Leah Mether

Do you talk in roundabouts to avoid having difficult conversations?

Speak vaguely in the hope other people will eventually guess what you’re trying to say without you having to say it?

This laboured and indirect approach is often used by passive communicators and those who doubt themselves. It also thrives in organisations with strong hierarchies, where management is seen as intimidating or aggressive.

Rather than have direct, clear and succinct conversations, people talk around topics for fear of creating conflict. They take a softly-softly approach (if they dare say anything at all) and appear almost deferential to the person they are speaking with.

But rather than increase other people’s opinion of you, being vague can undermine confidence in your ability. It makes you appear uncertain at best; incompetent at worst. It also leads to frustration, with the person on the receiving end often interrupting to urge you to get to the point.

Vague and indirect communication is not only annoying, it can also allow problems fester and grow. The recipient of your communication may not pick up what you’re putting down and remain oblivious to issues that could have been dealt with early.

But most significantly, vague communication can be dangerous. It can lead to mistakes, accidents and disasters, sometimes with tragic consequences, as Deborah Tanner explained in her article ‘The Power of Talk: Who Gets Heard & Why’, published in Harvard Business Review.

Tanner referred to a study by Charlotte Linde in which she examined the black box conversations between pilots and co-pilots before aeroplane crashes.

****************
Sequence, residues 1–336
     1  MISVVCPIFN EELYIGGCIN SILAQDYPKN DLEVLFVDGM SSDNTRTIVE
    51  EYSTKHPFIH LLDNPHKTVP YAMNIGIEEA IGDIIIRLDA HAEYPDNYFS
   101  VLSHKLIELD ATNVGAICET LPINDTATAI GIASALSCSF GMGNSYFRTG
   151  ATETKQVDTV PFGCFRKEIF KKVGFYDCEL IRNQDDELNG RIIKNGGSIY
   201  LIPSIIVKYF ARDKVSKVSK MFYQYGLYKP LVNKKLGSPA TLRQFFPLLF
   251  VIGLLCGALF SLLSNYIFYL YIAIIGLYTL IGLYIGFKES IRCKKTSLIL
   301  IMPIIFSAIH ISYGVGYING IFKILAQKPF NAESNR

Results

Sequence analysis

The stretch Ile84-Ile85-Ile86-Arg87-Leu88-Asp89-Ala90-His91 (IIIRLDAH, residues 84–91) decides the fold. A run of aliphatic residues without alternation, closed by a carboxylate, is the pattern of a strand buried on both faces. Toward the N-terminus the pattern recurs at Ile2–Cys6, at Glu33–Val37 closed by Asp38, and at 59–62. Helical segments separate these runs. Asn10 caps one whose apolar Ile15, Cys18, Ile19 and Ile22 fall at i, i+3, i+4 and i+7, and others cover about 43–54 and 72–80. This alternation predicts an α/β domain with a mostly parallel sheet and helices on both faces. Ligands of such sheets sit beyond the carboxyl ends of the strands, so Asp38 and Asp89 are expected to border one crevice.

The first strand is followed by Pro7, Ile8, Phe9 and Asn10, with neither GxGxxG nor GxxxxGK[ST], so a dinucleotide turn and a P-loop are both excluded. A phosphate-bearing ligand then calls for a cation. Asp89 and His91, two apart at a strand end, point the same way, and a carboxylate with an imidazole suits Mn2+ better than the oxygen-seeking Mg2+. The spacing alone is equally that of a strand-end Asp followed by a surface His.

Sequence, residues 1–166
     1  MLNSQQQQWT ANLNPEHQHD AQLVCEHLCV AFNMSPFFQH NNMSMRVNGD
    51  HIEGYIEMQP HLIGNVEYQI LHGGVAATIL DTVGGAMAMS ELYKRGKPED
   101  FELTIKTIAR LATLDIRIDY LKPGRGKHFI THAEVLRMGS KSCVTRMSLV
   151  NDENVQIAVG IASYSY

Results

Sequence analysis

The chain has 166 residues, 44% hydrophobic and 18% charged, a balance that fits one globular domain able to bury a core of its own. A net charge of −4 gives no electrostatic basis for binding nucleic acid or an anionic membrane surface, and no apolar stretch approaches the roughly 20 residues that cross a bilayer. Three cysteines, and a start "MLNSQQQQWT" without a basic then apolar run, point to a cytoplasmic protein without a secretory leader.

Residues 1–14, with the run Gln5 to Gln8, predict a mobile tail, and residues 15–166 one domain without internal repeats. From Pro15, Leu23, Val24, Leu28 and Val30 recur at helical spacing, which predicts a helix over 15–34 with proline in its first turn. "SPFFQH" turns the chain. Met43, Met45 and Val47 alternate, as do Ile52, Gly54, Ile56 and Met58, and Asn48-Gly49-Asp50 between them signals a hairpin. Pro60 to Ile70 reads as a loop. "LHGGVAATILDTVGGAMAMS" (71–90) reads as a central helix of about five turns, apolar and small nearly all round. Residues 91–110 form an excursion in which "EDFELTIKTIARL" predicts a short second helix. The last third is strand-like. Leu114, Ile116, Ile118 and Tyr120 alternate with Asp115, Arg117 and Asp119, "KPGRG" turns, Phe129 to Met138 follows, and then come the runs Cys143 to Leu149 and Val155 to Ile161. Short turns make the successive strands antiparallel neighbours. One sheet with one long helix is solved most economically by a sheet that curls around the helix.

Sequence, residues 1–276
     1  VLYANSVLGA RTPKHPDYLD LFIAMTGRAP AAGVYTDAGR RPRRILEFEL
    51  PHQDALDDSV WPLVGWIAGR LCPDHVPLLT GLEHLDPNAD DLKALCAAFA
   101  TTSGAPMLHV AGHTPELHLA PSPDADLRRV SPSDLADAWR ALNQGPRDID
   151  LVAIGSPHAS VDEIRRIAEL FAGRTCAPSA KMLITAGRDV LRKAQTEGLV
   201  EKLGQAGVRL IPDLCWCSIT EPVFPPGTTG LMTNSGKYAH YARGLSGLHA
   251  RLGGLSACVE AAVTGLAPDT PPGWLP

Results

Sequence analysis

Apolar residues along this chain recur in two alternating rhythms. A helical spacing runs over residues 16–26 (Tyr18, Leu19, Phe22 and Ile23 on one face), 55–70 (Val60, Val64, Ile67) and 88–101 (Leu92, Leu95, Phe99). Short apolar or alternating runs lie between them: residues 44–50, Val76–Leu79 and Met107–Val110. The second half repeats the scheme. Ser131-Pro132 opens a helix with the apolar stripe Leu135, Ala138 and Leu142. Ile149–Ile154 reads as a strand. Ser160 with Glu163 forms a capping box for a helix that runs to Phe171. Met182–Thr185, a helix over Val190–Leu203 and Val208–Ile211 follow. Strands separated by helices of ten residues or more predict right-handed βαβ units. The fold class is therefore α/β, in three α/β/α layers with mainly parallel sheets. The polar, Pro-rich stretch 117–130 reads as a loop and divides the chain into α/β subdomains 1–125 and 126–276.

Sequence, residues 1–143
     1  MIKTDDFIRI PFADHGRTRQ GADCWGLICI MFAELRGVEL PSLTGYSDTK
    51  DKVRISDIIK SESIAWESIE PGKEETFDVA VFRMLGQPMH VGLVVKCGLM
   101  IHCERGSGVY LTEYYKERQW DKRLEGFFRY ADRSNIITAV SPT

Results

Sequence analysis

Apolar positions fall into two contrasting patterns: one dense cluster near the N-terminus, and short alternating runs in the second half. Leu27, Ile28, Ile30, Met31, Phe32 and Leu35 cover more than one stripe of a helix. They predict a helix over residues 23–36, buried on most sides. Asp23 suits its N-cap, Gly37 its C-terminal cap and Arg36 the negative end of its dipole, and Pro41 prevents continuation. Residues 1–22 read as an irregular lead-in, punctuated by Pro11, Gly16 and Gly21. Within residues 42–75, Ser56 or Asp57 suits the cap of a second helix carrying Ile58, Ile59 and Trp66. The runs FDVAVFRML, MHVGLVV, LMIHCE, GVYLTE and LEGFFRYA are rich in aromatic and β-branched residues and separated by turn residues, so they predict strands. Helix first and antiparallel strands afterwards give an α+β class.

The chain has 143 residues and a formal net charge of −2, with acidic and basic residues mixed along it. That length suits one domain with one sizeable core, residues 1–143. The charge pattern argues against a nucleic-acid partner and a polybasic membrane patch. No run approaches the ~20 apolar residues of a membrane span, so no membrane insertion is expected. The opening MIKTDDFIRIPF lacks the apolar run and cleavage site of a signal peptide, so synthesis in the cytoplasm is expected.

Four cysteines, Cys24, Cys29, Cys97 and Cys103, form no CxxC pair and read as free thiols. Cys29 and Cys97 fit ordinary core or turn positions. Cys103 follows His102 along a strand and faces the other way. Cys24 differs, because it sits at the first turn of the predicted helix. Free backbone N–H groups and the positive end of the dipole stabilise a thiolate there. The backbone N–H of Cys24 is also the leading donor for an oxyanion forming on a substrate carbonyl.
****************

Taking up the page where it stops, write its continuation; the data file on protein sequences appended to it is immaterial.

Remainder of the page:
One particular case took Tanner’s interest; an Air Florida crash into the Potomac River during bad weather that killed all but five of the 74 people on board.

“The pilot, it turned out, had little experience flying in icy weather,” Tanner wrote. “The co-pilot had a bit more, and it became heartbreakingly clear on analysis that he had tried to warn the pilot but had done so indirectly.”

Tanner studied the transcript of the black-box conversation and found the co-pilot had repeatedly called attention to the bad weather and ice build-up, but had done so in an indirect manner to soften his communication because of the strong hierarchy of their positions.

He said things like:Look how the ice is just hanging on his, ah, back, back there, see that? See all those icicles on the back there and everything?”

And: Boy, this is a, this is a losing battle here on trying to deice those things; it [gives] you a false feeling of security, that’s all that does”.

The pilot remained unfazed.

Just before they took off, the co-pilot also expressed concern about abnormal instrument readings, but again he didn’t press the matter or directly articulate his concerns to the pilot. Instead he said: “That doesn’t seem right does it?… Ah, maybe it is.”

And then the plane crashed and 69 people died.

It’s not always easy to speak up and communicate in a direct and assertive way. Yes, sometimes you will be criticised for doing so by a superior or colleague.

But I tell you what, if you think your plane is going down it’s better to stand up and speak courageously and take a hit for insubordination, than crash into the ground because you chose to be vague or stay silent.

State your point clearly. Do the thinking first about what it is you really want to say, simply and concisely, and then have a conversation.

Leah Mether is a communications specialist, trainer, author, professional speaker and director of Methmac Communications.

She helps people get out of their own way and step up for success with the development of soft skills (which are actually really hard).

To find out more about Leah’s work, visit www.methmac.com.au.